Glossary of Clinical Research - R


  • Randomization
  • A method based on chance by which study participants are assigned to a treatment group. Randomization minimizes the differences among groups by equally distributing people with particular characteristics among all the trial arms. The researchers do not know which treatment is better. From what is known at the time, any one of the treatments chosen could be of benefit to the participant (NLM)
  • When referring to an experiment or clinical trial, the process by which animal or human subjects are assigned by chance to separate groups that compare different treatments or other interventions. Randomization gives each participant an equal chance of being assigned to any of the groups. (NCI)
  • The process of assigning trial subjects to treatment or control groups using an element of chance to determine the assignments in order to reduce bias. (ICH E6)
  • Randomized clinical trial
  • A study in which the participants are assigned by chance to separate groups that compare different treatments; neither the researchers nor the participants can choose which group. Using chance to assign people to groups means that the groups will be similar and that the treatments they receive can be compared objectively. At the time of the trial, it is not known which treatment is best. It is the patient's choice to be in a randomized trial. (NCI)
  • A study in which participants are randomly (i.e., by chance) assigned to one of two or more treatment arms of a clinical trial. Occasionally placebos are utilized. (NLM)
  • Recruiting
The period during which a trial is attempting to identify and enroll participants. Recruitment activities can include advertising and other ways of soliciting interest from possible participants (NLM)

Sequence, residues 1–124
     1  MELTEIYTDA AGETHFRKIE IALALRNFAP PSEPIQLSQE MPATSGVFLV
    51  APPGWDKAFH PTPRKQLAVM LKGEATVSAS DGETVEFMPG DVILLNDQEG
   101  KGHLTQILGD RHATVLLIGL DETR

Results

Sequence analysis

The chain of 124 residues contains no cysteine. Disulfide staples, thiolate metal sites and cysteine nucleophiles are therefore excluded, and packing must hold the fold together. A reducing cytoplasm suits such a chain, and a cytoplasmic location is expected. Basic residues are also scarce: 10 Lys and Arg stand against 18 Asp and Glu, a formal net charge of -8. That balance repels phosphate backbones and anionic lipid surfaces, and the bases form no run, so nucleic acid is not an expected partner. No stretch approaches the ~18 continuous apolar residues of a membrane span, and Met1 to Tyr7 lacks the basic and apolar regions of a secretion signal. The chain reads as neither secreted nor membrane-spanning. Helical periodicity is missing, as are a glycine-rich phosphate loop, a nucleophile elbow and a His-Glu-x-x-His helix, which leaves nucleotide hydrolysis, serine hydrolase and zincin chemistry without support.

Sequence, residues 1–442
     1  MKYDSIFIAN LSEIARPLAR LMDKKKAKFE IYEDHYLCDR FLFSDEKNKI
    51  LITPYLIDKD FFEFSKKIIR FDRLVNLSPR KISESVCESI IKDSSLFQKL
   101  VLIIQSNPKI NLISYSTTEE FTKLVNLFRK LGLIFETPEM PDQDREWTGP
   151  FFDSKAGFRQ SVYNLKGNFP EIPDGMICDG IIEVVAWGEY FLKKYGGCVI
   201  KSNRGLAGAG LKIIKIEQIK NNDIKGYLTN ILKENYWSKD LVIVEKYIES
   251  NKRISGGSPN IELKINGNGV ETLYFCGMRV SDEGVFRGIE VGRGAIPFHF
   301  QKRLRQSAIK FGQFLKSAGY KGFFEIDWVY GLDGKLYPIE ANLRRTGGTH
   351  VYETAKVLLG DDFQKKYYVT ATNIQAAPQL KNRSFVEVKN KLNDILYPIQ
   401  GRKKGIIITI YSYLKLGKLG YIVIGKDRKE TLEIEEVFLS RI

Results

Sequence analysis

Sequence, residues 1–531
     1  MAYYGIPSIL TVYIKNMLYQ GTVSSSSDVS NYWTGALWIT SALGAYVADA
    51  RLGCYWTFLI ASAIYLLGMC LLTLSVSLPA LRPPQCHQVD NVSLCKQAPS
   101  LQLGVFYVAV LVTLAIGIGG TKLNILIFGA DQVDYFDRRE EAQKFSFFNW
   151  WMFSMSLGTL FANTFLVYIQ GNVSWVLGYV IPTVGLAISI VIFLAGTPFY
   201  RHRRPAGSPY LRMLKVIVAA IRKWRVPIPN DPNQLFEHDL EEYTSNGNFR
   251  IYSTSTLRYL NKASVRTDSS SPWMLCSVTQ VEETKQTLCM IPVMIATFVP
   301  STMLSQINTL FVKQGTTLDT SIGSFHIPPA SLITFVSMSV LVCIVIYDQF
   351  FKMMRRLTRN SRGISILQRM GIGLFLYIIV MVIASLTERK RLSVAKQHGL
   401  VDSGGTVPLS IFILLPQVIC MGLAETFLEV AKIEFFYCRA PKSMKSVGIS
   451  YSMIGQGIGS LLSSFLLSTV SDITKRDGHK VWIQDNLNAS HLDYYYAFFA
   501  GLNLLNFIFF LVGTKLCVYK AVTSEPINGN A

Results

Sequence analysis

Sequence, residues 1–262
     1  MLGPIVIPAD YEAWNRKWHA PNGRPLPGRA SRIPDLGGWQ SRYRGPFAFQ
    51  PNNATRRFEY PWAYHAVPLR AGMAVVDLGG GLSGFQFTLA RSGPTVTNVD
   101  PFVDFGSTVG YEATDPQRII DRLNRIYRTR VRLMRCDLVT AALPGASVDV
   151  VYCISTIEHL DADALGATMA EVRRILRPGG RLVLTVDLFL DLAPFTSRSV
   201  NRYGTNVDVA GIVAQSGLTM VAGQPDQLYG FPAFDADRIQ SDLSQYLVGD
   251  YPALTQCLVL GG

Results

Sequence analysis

• Recruitment status
Indicates the current stage of a trial, whether it is planned, ongoing, or completed. (NLM)
  • Regimen
A treatment plan that specifies the dosage, the schedule, and the duration of treatment. (NCI)
  • Regulatory Authorities
Bodies having the power to regulate. In the ICH GCP guidance, the expression "Regulatory Authorities" includes the authorities that review submitted clinical data and those that conduct inspections. These bodies are sometimes referred to as competent authorities. (ICH E6)
  • Retrospective
Looking back at events that have already taken place. (NCI)
  • Retrospective cohort study
A research study in which the medical records of groups of individuals who are alike in many ways but differ by a certain characteristic (for example, female nurses who smoke and those who do not smoke) are compared for a particular outcome. Also called a historic cohort study. (NCI)
  • Retrospective study
A study that compares two groups of people: those with the disease or condition under study (cases) and a very similar group of people who do not have the disease or condition (controls). Researchers study the medical and lifestyle histories of the people in each group to learn what factors may be associated with the disease or condition. For example, one group may have been exposed to a particular substance that the other was not. Also called a case-control study. (NCI)
  • Risk-benefit ratio
The risk to individual participants versus the potential benefits. The risk/benefit ratio may differ depending on the condition being treated. (NLM)

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